Houston-based Rock River Resources will build a small refinery and facility for shipping crude by rail in Utah, providing new transportation and local refining for the growing oil production in the state, the company announced Tuesday.
The $230 million project will be built in three stages, with the rail facilities coming on line first, followed by a microrefinery in Green River, Utah. The microrefinery will have a capacity of 10,000 barrels a day and will process local crudes and condensates into fuel oil, diesel and jet fuel.
“The location where we are in Utah, there are not rail lines for producers to send their crude out,” said Kim Green, a spokeswoman for Rock River Resources, explaining that the company will build a rail line to link its terminal to Union Pacific. “They have to truck it out, which is much more costly. We will have a good option for these producers, and they can have their crude come to us, we will store it, fill up a unit train and send it to wherever they are going to send it.”
The Green River refinery will be one of the first new refineries built in the United States since the 1980s.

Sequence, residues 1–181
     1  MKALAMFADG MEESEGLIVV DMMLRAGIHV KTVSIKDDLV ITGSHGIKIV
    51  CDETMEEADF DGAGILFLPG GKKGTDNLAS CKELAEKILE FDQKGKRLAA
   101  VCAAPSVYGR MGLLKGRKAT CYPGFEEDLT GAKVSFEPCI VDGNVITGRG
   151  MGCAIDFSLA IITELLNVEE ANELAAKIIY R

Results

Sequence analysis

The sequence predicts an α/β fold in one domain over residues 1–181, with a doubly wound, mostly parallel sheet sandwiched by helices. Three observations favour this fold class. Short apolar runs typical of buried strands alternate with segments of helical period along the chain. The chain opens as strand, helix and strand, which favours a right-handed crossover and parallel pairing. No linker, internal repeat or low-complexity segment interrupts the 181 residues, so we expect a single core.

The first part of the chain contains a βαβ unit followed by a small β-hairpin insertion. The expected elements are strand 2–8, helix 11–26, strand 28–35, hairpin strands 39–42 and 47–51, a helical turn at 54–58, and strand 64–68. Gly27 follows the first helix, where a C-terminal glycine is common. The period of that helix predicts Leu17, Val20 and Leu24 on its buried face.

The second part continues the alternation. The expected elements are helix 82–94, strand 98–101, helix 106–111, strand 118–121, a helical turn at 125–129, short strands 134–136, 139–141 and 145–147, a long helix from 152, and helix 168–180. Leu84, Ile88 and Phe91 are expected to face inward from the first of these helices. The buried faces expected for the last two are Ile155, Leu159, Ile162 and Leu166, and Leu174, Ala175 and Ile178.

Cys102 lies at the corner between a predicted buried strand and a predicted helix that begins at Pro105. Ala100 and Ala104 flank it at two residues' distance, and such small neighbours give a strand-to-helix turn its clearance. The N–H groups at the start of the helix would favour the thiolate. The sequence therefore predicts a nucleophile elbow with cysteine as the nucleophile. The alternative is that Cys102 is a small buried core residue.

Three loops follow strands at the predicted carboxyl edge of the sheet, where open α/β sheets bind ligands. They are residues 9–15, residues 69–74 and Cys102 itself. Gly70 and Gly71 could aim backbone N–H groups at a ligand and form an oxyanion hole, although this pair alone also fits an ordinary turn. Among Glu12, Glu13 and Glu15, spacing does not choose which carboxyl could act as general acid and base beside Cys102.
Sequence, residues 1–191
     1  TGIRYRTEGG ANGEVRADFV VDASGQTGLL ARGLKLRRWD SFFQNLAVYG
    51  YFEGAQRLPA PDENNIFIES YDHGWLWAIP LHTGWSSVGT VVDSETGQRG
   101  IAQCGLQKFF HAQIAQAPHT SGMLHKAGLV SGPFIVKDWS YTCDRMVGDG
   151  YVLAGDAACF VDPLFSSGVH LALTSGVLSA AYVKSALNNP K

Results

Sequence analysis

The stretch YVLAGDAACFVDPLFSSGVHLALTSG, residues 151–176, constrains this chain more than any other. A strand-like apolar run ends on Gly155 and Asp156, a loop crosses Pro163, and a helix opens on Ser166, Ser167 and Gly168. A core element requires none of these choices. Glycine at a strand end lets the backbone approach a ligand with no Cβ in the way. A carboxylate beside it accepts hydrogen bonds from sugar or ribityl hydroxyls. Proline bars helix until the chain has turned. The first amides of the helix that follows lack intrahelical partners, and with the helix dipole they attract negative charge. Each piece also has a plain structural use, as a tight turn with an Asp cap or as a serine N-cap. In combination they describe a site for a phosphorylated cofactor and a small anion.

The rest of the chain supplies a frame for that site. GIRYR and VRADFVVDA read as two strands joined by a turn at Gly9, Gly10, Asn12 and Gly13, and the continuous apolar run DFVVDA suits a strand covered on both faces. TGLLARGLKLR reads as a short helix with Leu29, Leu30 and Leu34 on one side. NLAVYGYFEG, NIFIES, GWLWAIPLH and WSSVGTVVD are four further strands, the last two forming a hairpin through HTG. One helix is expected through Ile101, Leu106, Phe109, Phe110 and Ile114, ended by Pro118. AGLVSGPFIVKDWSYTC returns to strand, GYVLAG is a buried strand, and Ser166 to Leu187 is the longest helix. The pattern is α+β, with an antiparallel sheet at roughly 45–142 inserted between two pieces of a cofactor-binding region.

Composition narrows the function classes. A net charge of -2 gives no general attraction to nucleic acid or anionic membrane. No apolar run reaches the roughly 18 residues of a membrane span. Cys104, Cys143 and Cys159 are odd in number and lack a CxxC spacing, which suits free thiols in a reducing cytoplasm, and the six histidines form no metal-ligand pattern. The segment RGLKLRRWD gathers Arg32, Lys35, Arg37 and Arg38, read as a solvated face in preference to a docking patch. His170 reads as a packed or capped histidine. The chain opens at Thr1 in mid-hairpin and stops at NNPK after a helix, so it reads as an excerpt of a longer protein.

A small refinery in North Dakota announced earlier this year is under construction. It is being built by a consortium of Native American tribes planning to refine Bakken crude that is shipped by rail and truck because of poor pipeline infrastructure.
The Green River rail facility is one of several new crude-by-rail projects that have been announced this year, as rail becomes a long-term transportation option for producers operating in new plays where the infrastructure to transport the hydrocarbons is non-existent or inadequate.
“We realized it would be a perfect location because there is not enough transport or refining capacity,” Green said. “Producers are not shipping their crude to the refineries in Salt Lake City because of the logistics of the rail and the route they have to travel.”
The Green River refinery will showcase the latest developments in emissions control technology, allowing it to be classified as a minor source of emissions by Utah regulators, Rock River Resources said. The company expects that most of the crude will come from Utah plays, including the Paradox Basin, the Uinta Basin and the Overthrust region.
The company plans to begin construction by the end of the year, and the operations are estimated to begin by 2014.
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